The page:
Marijuana Has Similarities To Tobacco | News, Sports, Jobs

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On March 31, 2021, former New York State Governor Andrew Cuomo passed the Marijuana Tax and Regulation Act legalizing adult cannabis use and possession. For New Yorkers, this means that smoking and vaping cannabis is now subject to the Clean Indoor Air Act, which effectively makes it legal for use anywhere it is legal to smoke and vape tobacco.

The good news, thanks to the law, is that residents will not light (or vaporize) cannabis in almost all public and private indoor workplaces, including restaurants and bars, to protect employees and citizens against exposure to harmful second-hand products. tobacco smoke, vaping sprays and now – second-hand marijuana smoke (and its stinky smell).

To understand the potential public health effects of the new second-hand smoke, let’s start with what we know. Tobacco smoke contains more than 7,000 chemicals, about 70 of which can cause cancer. Exposure to second-hand smoke (even briefly) can cause illness and death in infants, children and adults. It can cause bronchitis, pneumonia and ear infections in children and more frequent attacks in children with asthma. The Centers for Disease and Prevention Control (CDC) says that since 1964, 2.5 million non-smokers have died from health problems caused by exposure to second-hand smoke.

Emissions created by electronic cigarettes may also contain ingredients potentially harmful to public health, including nicotine, ultrafine particles, flavors (such as diacetyl, a chemical linked to serious lung disease), volatile organic compounds (such as benzene, which is found in car exhaust fumes) and heavy metals (such as nickel, tin, and lead).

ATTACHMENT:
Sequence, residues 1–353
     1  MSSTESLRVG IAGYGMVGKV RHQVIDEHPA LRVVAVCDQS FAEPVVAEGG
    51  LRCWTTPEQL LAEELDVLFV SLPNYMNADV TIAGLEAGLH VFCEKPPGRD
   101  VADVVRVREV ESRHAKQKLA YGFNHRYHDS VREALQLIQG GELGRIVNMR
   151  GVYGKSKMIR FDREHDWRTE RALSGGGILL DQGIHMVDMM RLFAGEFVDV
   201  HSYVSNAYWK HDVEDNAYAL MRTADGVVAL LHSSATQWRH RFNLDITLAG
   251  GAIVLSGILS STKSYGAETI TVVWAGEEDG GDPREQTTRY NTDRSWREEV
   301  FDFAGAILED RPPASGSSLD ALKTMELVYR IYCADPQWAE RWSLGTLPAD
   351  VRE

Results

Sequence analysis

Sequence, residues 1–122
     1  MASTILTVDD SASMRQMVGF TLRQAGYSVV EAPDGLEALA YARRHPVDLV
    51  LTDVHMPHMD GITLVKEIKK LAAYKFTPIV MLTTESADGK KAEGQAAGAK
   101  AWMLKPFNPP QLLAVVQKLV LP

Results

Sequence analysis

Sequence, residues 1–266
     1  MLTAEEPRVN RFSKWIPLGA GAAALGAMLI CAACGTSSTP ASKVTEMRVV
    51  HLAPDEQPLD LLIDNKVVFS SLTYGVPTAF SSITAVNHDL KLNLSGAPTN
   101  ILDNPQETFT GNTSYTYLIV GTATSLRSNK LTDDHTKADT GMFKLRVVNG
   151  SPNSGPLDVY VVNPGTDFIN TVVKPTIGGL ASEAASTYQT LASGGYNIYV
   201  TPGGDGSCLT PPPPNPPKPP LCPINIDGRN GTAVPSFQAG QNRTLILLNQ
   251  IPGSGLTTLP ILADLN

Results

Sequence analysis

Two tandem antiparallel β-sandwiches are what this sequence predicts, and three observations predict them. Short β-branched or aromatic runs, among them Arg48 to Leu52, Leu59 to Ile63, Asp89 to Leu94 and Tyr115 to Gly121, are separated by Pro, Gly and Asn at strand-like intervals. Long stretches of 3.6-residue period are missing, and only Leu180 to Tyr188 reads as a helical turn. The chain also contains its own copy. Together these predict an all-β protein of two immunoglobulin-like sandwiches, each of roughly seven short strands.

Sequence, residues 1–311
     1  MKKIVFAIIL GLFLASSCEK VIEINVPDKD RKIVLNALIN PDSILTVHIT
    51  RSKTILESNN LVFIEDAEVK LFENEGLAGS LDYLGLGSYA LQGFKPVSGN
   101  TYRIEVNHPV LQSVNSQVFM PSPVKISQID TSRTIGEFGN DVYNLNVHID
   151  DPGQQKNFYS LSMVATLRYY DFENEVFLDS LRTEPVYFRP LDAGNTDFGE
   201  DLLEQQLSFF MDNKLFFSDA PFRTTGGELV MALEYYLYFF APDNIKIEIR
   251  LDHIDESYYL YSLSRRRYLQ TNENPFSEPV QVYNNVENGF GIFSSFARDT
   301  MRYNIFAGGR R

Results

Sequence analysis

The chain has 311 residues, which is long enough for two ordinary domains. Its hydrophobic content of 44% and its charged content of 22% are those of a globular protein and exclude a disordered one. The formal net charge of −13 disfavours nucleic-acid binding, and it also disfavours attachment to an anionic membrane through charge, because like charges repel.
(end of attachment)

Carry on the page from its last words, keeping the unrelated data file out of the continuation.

The dangers of smoking have long been known, but what do we know about cannabis use? Not a lot, unfortunately, since cannabis use is still federally illegal.

What we do know is that second-hand marijuana smoke contains many of the same carcinogens and toxic chemicals as second-hand tobacco smoke. Some of the known carcinogens or toxins found in marijuana smoke include: acetaldehyde, ammoniacal arsenic, benzene, cadmium, chromium, formaldehyde, hydrogen cyanide, isoprene, lead, mercury, nickel and quinoline. People exposed to second-hand marijuana smoke may have detectable levels of THC (tetrahydrocannabinol) in their blood and urine.

Bottom Line: Second-hand marijuana smoke and second-hand tobacco smoke are similar in many ways. Although more research and scientific evidence is needed to provide the facts, the body of current science shows that tobacco and marijuana smoke have a similar chemical makeup and can have harmful effects on cardiovascular health, such as atherosclerosis (partially blocked arteries), heart attack and stroke. .

In addition to public health, the health of Mother Nature must be taken into account. While cannabis is somewhat restricted under the Clean Indoor Air Act, consider the natural treasures of our community that are not covered. Places like parks, walking trails and other outdoor spaces. They also need protection.

For more information on ways you can help protect your community from exposure to second-hand tobacco smoke and cannabis, email Ken Dahlgren of Tobacco Free Chautauqua, Cattaraugus, Allegany (TF-CCA) at [email protected]

Jonathan Chaffee is Reality Check Coordinator for Chautauqua, Cattaraugus and Allegany Tobacco Free.

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